"What luck for rulers that men do not think." -- Adolf Hitler (1889 - 1945)

"If only we could impeach on the basis of criminal stupidity, 90% of the Rethuglicans and half of the Democrats would be thrown out of office." ~~ P.Z. Myres


"The default position of human nature is to punch the other guy in the face and take his stuff." ~~ Dude

Brother Boot Knife of Warm Humanitarianism,

and Crypto-Communist!

Edited by - filthy on 12/08/2006 03:20:42
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tomk80
SFN Regular

Netherlands
1278 Posts

Posted - 12/08/2006 :  04:03:05   [Permalink]  Show Profile  Visit tomk80's Homepage Send tomk80 a Private Message
quote:
Originally posted by Pachomius
And do you know that -- I could be mistaken though -- if there were no humans to shear the hair of the sheep, their hair would grow indefinitely long, that they would be hard up trying to move about without tripping on their hair or wool.


Domesticated sheep are descended from 2 variants of wild sheep, the Urial (Southern Asia) and the Mouflon (Southern Europe) (http://www.oaklandzoo.org/atoz/azsheep.html).

Mouflon:


Urial:


As you can see from the pictures, both have a reasonably short, course fur instead of the soft, long wool of their domestic descendants. The wool is a result of domestic breeding and even in domestic sheep this wool does not grow indefinitely.

All animals, and humans are no exception, constantly loose hair. It just falls out. This constant shedding of hair, either by the deactivation of it's growth or by day to day 'wear and tear) keep hairs a certain length.

Tom

`Contrariwise,' continued Tweedledee, `if it was so, it might be; and if it were so, it would be; but as it isn't, it ain't. That's logic.'
-Through the Looking Glass by Lewis Caroll-
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Dave W.
Info Junkie

USA
26009 Posts

Posted - 12/08/2006 :  07:53:12   [Permalink]  Show Profile  Visit Dave W.'s Homepage Send Dave W. a Private Message
quote:
Originally posted by Pachomius

Do you keep pet dogs or cats at home? Notice that their hair is pretty well trimmed to a fixed short length by nature?
You've never met my dog.

And my cats shed constantly.

- Dave W. (Private Msg, EMail)
Evidently, I rock!
Why not question something for a change?
Visit Dave's Psoriasis Info, too.
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Chippewa
SFN Regular

USA
1496 Posts

Posted - 12/08/2006 :  10:43:55   [Permalink]  Show Profile  Visit Chippewa's Homepage Send Chippewa a Private Message
quote:
Originally posted by Pachomius

...the goat sports a beard -- or I am mistaken? But its beard is also of fixed length; not however with human beard and facial hair, they can grow to indefinite length unless you pull them off or cut or shave them off...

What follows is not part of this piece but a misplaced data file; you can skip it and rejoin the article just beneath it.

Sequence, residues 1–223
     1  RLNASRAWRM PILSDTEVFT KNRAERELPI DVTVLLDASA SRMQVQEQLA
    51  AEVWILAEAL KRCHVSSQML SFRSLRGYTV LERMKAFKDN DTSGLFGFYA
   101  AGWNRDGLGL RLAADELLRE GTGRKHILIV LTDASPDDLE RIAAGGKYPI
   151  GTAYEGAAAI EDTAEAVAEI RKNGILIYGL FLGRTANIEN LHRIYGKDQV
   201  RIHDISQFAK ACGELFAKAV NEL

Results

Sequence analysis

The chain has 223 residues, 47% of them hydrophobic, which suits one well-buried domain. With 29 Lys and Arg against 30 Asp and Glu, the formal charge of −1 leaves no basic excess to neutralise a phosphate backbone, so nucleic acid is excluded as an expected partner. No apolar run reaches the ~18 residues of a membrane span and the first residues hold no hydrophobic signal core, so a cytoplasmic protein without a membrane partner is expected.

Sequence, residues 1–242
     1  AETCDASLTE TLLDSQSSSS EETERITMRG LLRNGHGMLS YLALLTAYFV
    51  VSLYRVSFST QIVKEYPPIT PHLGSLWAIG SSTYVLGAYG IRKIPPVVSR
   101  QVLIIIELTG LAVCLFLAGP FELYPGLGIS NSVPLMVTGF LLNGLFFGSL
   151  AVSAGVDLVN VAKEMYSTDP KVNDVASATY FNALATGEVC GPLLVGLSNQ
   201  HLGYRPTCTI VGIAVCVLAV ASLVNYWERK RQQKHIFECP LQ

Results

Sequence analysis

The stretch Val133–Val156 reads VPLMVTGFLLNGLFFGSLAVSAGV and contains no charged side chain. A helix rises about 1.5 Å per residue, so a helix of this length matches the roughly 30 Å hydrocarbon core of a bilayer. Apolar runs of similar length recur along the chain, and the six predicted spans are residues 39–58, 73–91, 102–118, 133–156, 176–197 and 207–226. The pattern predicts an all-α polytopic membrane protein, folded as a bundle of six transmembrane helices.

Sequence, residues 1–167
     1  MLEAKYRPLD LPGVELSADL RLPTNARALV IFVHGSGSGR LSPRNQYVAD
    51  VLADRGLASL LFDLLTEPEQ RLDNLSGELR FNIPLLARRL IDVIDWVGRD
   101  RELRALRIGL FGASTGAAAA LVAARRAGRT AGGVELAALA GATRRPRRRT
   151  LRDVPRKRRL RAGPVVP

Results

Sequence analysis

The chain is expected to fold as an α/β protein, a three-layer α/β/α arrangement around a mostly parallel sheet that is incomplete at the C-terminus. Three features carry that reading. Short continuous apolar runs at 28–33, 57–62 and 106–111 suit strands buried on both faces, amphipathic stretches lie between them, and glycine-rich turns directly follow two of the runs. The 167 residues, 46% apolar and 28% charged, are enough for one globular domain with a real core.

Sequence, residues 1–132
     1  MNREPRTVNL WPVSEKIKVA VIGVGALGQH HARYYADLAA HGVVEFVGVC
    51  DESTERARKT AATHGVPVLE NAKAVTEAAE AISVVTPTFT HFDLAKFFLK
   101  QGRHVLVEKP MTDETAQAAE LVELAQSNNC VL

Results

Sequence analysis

No so. Otherwise we'd all look like this.
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Neurosis
SFN Regular

USA
675 Posts

Posted - 12/08/2006 :  10:58:43   [Permalink]  Show Profile  Send Neurosis an AOL message Send Neurosis a Private Message
The rate of hair growth in all animals is seasonal and goes about in stages. One hair falls out as another follicle is activated and so on and so forth. Also, the is a limit to the length of hair in different parts of the body and that is genetic to each individual and of course species. Take the human arm hair for example. Do you shave your arms Pachomius?

Here is a good source for more info.

Facts! Pssh, you can prove anything even remotely true with facts.
- Homer Simpson

[God] is an infinite nothing from nowhere with less power over our universe than the secretary of agriculture.
- Prof. Frink

Lisa: Yes, but wouldn't you rather know the truth than to delude yourself for happiness?
Marge: Well... um.... [goes outside to jump on tampoline with Homer.]
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Pachomius
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62 Posts

Posted - 12/08/2006 :  16:15:38   [Permalink]  Show Profile Send Pachomius a Private Message
quote:
Originally posted by Neurosis

The rate of hair growth in all animals is seasonal and goes about in stages. One hair falls out as another follicle is activated and so on and so forth. Also, the is a limit to the length of hair in different parts of the body and that is genetic to each individual and of course species. Take the human arm hair for example. Do you shave your arms Pachomius?

Here is a good source for more info.



Thanks, guys, for your information and also your speculation. That was fun, wasn't it?

First, I notice that I make an assumption because I crudely observe that human scalp and facial hairs grow and grow and grow, therefore they grow indefinitely; which is not so were I to just observe say ten strands of hair on my head and see how long they will grow and whether they fall off even without being pulled off.

Thanks, all you guys who point that out to me.

Can we say then that as with life which eventually ends in time, so also everything that increases in size as in length eventually stops its growth and falls off; but with hair, a new one comes from the same hair follicle to succeed the previous now fallen or molted one?